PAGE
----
Adio: It’s great to be alive and healthy and to have experienced Dr. Sebi and his works and his formulations.  So that’s a great thing.  So, to be alive and tribute Dr. Sebi and Maa and natural healing and to see it come full circle, to see it come from people who thought you were weird or people just thought you were so different because I prioritized food and health and herbs.  And back in the 80s, late 70s, it was not prioritized.  It was prioritized in the early 80s by The Community Warehouse, where I was able to get Dr. Sebi to come to.  But overall, it was still thought of as something weird, wanting to care about what you put in your mouth rather than eating meat or other substances that wouldn’t be good for you.  So, coming full circle and seeing where now, here we are, I’m so thankful to  be alive.  People are embracing natural health and healing.  There are more juice bars all over.  And young people have embraced it and are taking it to another level, where I know more of our people, people of color, and people in general on the planet will be healthier because the young people have embraced the fact that food is a medicine, and that herbs are a medicine.

Adio’s daughter and business partner Makini

Adio: Makini actually helped me.  We started Quintessence Health & Wellness together.  And that has meant so much to both of us.  I have lived it up to now and she grew up seeing me live it—meeting Dr. Sebi and being around him plenty of times over the years.  She didn’t all the way understand or get the message but was just following.  But now, for her to come out as a leader, as a young person who realizes that yes, if I take different herbs and supplements, I can get rid of ailments that I might have, from simple ailments like a cold to something more extreme like the flu.

What is the mission of Quintessence?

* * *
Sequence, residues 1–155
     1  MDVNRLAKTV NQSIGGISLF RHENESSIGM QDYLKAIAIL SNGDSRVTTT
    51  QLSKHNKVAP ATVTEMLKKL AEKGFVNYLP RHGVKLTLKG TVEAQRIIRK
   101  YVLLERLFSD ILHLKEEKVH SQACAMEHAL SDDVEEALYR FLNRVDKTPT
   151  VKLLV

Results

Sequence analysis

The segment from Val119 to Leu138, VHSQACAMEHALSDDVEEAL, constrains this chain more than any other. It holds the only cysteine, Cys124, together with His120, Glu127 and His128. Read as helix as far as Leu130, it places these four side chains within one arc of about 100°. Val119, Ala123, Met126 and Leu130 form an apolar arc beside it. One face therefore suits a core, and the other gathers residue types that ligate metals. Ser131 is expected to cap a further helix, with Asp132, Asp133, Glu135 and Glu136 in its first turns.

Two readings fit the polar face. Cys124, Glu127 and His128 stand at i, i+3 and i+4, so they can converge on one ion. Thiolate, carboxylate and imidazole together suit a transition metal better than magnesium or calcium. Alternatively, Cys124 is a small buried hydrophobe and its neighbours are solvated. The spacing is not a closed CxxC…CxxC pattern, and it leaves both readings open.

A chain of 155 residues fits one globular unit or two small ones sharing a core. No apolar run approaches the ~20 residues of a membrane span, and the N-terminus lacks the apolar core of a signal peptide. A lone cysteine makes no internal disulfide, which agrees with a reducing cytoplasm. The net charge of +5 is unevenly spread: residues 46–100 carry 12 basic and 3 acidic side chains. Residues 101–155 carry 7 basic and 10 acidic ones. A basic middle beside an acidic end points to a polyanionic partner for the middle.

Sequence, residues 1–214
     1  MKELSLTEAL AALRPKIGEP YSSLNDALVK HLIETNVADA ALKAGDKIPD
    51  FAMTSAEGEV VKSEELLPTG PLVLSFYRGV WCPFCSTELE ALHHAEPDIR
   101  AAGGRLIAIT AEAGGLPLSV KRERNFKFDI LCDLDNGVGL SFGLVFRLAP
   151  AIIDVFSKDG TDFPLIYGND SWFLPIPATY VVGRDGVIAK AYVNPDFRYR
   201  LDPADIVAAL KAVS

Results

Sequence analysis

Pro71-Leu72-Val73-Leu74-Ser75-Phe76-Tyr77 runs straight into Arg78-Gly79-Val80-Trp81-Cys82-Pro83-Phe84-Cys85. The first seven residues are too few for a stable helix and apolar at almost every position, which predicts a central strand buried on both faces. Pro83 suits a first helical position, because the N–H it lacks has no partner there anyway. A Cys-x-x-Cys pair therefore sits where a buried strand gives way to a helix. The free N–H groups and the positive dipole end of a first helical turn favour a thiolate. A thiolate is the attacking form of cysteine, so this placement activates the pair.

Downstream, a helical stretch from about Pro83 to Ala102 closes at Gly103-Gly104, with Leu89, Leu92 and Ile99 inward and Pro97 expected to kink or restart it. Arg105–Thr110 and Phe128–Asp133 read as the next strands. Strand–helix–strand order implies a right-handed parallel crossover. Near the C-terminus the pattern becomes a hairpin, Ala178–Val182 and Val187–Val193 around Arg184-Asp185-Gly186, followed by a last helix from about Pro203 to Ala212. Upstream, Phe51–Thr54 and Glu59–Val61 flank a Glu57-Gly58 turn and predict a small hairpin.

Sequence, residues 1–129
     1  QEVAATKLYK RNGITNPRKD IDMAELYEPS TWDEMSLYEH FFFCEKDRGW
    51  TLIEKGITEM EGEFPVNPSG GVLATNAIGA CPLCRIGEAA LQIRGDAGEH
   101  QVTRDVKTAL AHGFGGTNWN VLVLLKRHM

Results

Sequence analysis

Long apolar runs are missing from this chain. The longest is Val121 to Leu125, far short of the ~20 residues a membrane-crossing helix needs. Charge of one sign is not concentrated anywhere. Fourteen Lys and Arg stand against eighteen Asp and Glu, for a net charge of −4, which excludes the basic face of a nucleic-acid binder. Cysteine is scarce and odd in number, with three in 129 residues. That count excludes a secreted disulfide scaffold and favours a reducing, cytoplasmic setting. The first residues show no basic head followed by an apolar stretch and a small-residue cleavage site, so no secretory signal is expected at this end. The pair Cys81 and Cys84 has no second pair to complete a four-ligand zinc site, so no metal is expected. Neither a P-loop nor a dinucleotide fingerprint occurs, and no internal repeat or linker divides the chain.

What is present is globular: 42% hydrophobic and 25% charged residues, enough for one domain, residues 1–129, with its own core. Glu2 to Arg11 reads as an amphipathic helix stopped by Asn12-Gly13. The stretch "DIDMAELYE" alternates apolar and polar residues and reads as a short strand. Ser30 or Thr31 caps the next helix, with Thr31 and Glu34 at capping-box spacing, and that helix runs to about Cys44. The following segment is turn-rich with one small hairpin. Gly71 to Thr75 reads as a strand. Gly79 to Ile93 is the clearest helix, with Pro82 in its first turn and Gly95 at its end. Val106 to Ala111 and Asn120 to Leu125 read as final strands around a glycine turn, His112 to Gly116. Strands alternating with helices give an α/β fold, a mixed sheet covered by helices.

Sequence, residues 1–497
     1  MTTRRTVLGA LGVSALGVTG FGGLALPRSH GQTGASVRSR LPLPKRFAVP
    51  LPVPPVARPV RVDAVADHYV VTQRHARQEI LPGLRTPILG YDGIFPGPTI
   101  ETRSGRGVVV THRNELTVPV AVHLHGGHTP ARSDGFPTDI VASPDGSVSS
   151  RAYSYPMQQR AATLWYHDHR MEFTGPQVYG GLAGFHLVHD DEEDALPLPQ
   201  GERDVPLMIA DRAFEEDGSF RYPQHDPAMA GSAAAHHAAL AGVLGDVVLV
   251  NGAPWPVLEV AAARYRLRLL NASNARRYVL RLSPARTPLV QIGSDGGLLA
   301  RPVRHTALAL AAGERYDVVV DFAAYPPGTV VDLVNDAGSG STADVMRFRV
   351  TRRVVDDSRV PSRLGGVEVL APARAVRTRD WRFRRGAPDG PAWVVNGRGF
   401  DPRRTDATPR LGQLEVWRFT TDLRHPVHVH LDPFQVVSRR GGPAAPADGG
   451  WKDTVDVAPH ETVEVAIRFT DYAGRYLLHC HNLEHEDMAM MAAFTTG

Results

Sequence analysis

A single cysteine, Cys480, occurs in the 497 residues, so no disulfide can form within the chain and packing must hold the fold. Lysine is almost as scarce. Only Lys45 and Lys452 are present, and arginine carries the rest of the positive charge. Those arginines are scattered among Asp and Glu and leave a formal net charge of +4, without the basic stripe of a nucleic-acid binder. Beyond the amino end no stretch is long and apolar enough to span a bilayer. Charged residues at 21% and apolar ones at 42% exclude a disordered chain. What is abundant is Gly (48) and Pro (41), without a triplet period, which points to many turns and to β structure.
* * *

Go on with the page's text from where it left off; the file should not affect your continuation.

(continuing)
Adio: The mission is to empower people of color so that they will know that in our ancestry we have the tools to heal ourselves.

What are those tools?

Adio:  When you talk about Quintessence Health & Wellness, one of the tools is access to our library, which has over 300 books from Latin America, Africa, the Caribbean and the U.S. of Black healers and doctors, health practitioners, raw foodists.  So, the library is there and it’s an in-house library.  You actually have to use the books there.  But you can go through all these books and find any information you need.  We have books by the leading practitioners of color from the U.S. and the Caribbean.

Consultations

Adio:  I’m beginning to get into it.  Because I had six children, that’s why I didn’t try to practice.  I’m in my 60s now, but I didn’t try to practice sooner because I wanted to make sure my children were in the place they needed to be. Now that they’re grown I can, which is why there’s Quintessence Health & Wellness.  I’m doing it anyway because when you’re helping people as far as people who come in and want to use the library, people have all kinds of questions.  That is what the work is.  It’s about helping people.  I’m letting people decide if they want to take the steps to do it. 

Sea moss gel is popular with young people

Adio: The only thing we [Quintessence] supply is gel and dry sea moss to different businesses.  Sea moss gel is big and it’s really big with young people because they’re using it in their smoothies.  They’re using it in their soups.  They’re making dishes from it, food dishes.  As a matter of fact, we do make a sea moss pie, a key lime pie, which is made with sea moss.